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From hearts that have no other dower,
2. It is the hour, when from the boughs
Seem sweet in every whispered word;
As twilight melts beneath the moon away.
3. THE OROTUND is the pure tone deepened, enlarged, and intensified. It is used in all energetic and vehement forms of expression, and in giving utterance to grand and sublime emotions; as,
1. Strike-till the last armed foe expires;
STRIKE-for the green graves of your sires;
2. "FORWARD, THE LIGHT BRIGADE!
CHARGE FOR THE GUNS!" he said :
Into the valley of Death rode the six hundred.
3. The sky is changed! and such a change! O Night,
From peak to peak, the rattling crags among,
4. THE ASPIRATED TONE is an expulsion of the breath more or less strong,- the words, or portions of them, being spoken in a whisper. It is used to express amazement, fear, terror, horror, revenge, and remorse; as,
1. How ill this taper burns!
Ha! who comes here?
Cold drops of sweat hang on my trembling flesh,
2. The ancient Earl, with stately grace,
Would Clara on her palfrey place,
And whisper, in an under-tone,
3. While thronged the citizens with terror dumb,
Or whispering with white lips," The foe! they come, they come !" 5. THE GUTTURAL is a deep under-tone, used to express hatred, contempt, and loathing. It usually occurs on the emphatic words; as,
1. Thou slave, thou wretch, thou coward!
Thou wear a lion's hide?
Doff it, for shame, and hang
A calf-skin on those recreant limbs.
2. Thou stand'st at length before me undisguised,
6. THE TREMULOUS TONE, or tremor, consists of a tremulous iteration, or a number of impulses of sound of the least assignable duration. It is used in excessive grief, pity, plaintiveness, and tenderness; in an intense degree of suppressed excitement, or satisfaction; and when the voice is enfeebled by age.
7. The tremulous tone should not be applied throughout the whole of an extended passage, but only on selected emphatic words, as otherwise the effect would be monotoIn the second of the following examples, where the
tremor of age is supposed to be joined with that of supplicating distress, the tremulous tone may be applied to every emphatic syllable capable of prolongation, which is the case with all except those of pity and shortest; but even these may receive it in a limited degree.
O love, remain ! It is not yet near day!
Pity the sorrows of a poor old man,
Whose trembling limbs have borne him to your dvor,
O give relief, and Heaven will bless your store.
RATE' refers to movement in reading and speaking, and
is QUICK, MODERATE, or SLOW.
2. QUICK RATE is used to express joy, mirth, confusion, violent anger, and sudden fear; as,
1. Away! away! our fires stream bright
And their arrowy sparkles of brilliant light
2. Away! away to the rocky glen,
Where the deer are wildly bounding!
3. The lake has burst! The lake has burst!
Down through the chasms the wild waves flee :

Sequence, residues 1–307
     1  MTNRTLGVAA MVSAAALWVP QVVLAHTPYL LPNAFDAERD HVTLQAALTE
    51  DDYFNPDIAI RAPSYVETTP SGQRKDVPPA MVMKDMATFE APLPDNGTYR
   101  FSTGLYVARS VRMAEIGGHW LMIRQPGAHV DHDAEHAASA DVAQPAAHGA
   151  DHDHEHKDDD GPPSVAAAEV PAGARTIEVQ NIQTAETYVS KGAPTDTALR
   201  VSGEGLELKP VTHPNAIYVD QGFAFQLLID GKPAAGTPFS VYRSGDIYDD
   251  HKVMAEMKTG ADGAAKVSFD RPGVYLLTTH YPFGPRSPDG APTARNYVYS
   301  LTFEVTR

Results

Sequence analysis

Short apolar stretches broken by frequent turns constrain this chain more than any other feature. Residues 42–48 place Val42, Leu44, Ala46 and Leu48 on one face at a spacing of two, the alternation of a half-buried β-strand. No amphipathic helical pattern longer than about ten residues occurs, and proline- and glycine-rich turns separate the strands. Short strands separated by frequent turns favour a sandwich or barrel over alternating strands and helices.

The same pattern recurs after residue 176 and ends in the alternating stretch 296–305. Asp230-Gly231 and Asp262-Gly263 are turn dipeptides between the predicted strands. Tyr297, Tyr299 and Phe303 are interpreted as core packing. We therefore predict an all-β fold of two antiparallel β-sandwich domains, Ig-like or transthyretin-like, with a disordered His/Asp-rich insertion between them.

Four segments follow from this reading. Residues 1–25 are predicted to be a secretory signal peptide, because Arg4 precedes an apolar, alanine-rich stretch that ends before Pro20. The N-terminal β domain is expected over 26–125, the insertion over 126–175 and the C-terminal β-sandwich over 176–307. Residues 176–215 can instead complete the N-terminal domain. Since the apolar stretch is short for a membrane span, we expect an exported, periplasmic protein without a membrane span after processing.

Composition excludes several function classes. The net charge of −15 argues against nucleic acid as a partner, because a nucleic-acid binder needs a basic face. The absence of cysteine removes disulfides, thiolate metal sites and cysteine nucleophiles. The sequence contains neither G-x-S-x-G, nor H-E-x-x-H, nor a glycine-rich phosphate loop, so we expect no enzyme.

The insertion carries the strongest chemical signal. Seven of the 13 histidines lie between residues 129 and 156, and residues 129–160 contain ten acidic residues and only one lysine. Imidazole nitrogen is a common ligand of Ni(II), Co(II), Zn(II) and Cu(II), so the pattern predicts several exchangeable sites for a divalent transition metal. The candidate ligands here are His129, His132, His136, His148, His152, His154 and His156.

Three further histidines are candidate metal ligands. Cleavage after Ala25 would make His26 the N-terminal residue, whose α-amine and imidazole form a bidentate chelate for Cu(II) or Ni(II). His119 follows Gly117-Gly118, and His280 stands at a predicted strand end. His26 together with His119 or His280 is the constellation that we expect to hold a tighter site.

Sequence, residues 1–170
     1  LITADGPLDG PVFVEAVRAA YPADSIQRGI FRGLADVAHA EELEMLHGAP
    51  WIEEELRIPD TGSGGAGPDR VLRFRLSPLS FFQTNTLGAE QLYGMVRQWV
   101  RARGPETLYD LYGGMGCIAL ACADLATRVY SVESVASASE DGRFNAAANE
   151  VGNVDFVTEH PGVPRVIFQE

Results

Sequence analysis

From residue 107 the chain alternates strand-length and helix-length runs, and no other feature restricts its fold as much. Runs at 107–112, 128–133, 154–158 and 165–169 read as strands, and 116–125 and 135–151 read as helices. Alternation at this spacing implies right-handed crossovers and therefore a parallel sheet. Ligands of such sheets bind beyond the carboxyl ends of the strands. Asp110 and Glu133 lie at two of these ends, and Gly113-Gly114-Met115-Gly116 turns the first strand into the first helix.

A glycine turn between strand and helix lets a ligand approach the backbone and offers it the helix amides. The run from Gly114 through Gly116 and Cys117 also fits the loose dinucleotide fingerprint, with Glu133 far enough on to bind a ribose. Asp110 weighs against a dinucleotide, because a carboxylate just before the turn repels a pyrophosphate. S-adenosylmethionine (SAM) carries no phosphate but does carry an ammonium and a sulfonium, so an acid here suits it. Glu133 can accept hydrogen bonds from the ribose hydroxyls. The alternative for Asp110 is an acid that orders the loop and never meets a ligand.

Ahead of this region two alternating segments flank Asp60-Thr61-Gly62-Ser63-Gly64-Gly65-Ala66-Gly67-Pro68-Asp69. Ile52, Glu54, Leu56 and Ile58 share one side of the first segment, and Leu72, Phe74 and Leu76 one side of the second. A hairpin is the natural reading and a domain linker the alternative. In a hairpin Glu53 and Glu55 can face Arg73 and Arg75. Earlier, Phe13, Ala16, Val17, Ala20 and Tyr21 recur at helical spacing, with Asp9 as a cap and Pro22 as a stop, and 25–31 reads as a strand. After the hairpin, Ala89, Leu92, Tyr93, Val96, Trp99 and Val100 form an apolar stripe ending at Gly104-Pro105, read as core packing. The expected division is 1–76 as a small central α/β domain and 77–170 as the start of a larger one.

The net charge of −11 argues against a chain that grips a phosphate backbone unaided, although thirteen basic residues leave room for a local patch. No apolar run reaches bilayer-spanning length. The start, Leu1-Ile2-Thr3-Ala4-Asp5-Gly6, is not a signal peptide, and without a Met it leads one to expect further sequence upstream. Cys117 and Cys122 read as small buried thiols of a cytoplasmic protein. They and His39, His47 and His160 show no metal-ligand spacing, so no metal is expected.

Exercise on Rate.-For a general exercise, select a sentence, and deliver it as slowly as may be possible without drawling. Repeat the sentence with a slight increase of rate, until you shall have reached a rapidity of utterance at which distinct ar
ticulation ceases. Having done this, reverse the process, repeating slower and slower. Thus you may acquire the ability to increase and diminish rate at pleasure, which is one of the most important elements of good reading and speaking.
They gallop along, with a roaring song,
4. And there was mounting in hot haste: the steed,
3. MODERATE RATE is used in ordinary assertion, narration, and description; in cheerfulness, and the gentler forms of the emotions; as,
1. When the sun walks upon the blue sea-waters,
We pace this shore,-I and my brother here,
2. I have sinuous shells of pearly hue
Within, and they that luster have imbibed
3. Warriors and statesmen have their meed of praise,
Passes without a thought, without a word;
Of duties sternly, faithfully fulfilled-
And leaves no memory and no trace behind!
Yet it may be, more lofty courage dwells
In one meek heart which braves an adverse fate,
Than his whose ardent soul indignant swells
Warmed by the fight, or cheer'd through high debate. The soldier dies surrounded could he live,
Alone to suffer, and alone to strive?
4. SLOW RATE is used to express grandeur, vastness, pathos, solemnity, adoration, horror, and consternation; as, 1. O thou Eternal One! whose presence bright
All space doth occupy, all motion guide;
2. The curfew tolls the knell of parting day;
When, for a moment, like a drop of rain,
ONOTONE consists of a degree of sameness of sound,
or tone, in a number of successive words or syllables. 2. It is very seldom the case that a perfect sameness is to be observed in reading any passage or sentence. But very little variety of tone is to be used in reading either prose or verse which contains elevated descriptions, or emotions of solemnity, sublimity, or reverence.
3. The monotone usually requires a low tone of the